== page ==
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Man from Denham Springs one of two killed in Wednesday plane crash

1 year 1 week 12 hours ago October 15, 2015 Oct 15, 2015 Thursday, October 15 2015 October 15, 2015 7:04 PM in News
Source: WBRZ

HAMMOND - Federal investigators will base much of their investigation into a deadly plane crash around radio transmissions between the airport tower and a doomed aircraft.

The Cessna 421 turbo-prop hit the ground in a near vertical nosedive after making a steep bank, the NTSB said in a news conference Thursday afternoon. The crash happened a day earlier, Wednesday afternoon, as the pilot was attempting to return to the Hammond Northshore Regional Airport after exclaiming "mayday" into the plane's radio.

In a few short seconds, the pilot asks the control tower to allow him to return to the airport. The conversation is brief, and after being told the airplane can return to the airport the pilot screams and the audio cuts out. The audio recordings were played on the 5 p.m. Wednesday edition of WBRZ News 2. The recordings were featured in a lengthy report about the crash on the Wednesday 10pm broadcast on WBRZ channel 2.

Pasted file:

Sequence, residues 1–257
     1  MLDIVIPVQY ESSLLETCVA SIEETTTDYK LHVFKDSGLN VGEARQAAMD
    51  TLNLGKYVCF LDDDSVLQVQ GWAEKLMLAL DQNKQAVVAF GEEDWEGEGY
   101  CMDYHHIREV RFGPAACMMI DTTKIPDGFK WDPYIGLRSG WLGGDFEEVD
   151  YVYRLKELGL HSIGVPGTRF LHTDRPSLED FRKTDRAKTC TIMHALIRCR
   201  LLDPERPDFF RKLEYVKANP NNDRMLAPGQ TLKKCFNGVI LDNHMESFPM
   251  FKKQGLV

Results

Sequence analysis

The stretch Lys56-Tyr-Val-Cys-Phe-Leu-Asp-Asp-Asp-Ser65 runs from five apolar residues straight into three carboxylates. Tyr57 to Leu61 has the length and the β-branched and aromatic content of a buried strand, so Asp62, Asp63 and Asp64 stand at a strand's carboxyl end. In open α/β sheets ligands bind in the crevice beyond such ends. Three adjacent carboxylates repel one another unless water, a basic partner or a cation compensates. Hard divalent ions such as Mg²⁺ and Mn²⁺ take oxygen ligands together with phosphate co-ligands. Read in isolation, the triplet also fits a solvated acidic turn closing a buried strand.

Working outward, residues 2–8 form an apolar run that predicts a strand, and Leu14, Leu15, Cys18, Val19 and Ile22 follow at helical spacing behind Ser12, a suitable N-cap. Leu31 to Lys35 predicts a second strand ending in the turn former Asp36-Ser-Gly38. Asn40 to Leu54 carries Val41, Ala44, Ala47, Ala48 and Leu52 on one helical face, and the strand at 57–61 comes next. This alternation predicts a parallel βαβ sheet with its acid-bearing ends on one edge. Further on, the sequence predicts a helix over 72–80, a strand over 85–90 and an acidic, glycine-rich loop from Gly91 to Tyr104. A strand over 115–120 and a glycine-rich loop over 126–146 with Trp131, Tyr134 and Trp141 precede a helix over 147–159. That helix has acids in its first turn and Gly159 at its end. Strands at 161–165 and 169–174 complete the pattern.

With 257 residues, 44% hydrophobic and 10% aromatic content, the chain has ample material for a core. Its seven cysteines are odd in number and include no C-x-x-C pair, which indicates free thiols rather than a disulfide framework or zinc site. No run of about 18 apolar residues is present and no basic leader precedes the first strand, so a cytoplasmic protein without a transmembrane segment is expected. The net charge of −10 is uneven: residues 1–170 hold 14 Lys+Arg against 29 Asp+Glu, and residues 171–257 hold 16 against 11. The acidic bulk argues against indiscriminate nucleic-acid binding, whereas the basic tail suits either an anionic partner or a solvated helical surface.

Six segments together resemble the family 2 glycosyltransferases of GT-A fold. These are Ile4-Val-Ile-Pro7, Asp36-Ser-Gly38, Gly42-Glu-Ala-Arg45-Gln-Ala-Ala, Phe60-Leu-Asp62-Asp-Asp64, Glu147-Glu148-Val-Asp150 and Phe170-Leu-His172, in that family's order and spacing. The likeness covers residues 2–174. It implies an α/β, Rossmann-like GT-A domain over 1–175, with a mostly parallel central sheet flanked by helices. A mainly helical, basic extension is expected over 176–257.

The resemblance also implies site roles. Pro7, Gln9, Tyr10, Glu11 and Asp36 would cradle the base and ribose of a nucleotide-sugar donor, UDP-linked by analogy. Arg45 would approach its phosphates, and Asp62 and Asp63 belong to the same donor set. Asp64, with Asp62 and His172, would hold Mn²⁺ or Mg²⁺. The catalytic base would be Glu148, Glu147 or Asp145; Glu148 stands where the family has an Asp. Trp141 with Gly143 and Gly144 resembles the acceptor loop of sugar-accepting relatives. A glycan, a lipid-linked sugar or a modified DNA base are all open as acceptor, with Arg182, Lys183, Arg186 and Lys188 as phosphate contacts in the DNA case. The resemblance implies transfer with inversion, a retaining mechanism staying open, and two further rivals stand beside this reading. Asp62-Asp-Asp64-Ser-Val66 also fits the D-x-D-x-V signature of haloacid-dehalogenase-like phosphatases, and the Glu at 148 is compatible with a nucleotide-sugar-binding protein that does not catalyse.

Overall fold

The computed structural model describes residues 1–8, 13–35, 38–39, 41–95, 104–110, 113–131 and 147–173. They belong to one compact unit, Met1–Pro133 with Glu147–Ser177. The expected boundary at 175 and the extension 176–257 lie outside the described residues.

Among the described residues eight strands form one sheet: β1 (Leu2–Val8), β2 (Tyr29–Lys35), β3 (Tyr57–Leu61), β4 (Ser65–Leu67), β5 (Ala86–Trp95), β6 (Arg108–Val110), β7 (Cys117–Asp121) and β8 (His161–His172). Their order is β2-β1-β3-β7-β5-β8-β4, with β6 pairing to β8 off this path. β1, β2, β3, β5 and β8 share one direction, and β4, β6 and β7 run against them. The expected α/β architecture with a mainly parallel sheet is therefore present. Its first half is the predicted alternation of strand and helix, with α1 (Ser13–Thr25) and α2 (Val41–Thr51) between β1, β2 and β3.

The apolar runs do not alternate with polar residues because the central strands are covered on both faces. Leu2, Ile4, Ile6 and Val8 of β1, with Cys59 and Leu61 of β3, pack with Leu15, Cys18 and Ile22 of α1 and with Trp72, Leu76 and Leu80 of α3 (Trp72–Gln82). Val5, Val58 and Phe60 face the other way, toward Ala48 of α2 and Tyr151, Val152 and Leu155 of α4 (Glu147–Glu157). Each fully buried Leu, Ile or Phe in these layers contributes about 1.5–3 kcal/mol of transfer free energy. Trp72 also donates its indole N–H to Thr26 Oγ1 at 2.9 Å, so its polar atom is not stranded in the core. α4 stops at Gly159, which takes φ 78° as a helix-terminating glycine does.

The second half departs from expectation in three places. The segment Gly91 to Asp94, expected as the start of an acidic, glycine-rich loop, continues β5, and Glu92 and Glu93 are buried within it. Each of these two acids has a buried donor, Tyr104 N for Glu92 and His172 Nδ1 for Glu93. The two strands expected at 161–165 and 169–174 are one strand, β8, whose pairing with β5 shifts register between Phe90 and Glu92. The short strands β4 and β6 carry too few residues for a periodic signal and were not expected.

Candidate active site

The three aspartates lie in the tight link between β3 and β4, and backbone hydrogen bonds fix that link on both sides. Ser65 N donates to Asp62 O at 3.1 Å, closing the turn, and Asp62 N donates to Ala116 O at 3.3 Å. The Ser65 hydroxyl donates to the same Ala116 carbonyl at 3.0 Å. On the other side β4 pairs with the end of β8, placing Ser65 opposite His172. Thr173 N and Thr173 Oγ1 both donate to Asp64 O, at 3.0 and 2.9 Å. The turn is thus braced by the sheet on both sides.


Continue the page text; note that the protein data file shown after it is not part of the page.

Federal investigators said they would not release the identities of the deceased. But, the mayor of Hammond identified the passenger as John Harris. Harris, a business owner, is from Denham Springs.

Investigators did reveal that the pilot made an hour or two stop in Hammond after flying from Jackson to pick up a passenger.

Family members of the pilot identified him on social media as an experienced flier from Lafayette. The plane, tail number N33FA, is registered to a company in Lafayette.

Crash investigators said they will focus on human error, the aircraft and weather as they piece together what brought the plane down Wednesday afternoon between 3:30 and 4:00. The aircraft itself was almost completely consumed by fire, an investigator said. There were no black boxes on an aircraft of this size.

Investigators hope to use security video from around the airport that captured the incident. Investigators will also talk to maintenance workers who did work on the plane. The thorough investigation will take about six months to a year to complete, the NTSB said.

Officials described the flight as business and, as first reported on WBRZ.com Wednesday, the plane was headed to Atlanta. It had arrived in Hammond from Jackson, Mississippi.

While the NTSB would not confirm the pilot's name, an investigator said he had a commercial license to fly planes.

"[This is] obviously a very sad time for the families. We would ask people to recognize that this is a time of mourning," the mayor of Hammond said. 


Follow the publisher of this post on Twitter: @treyschmaltz


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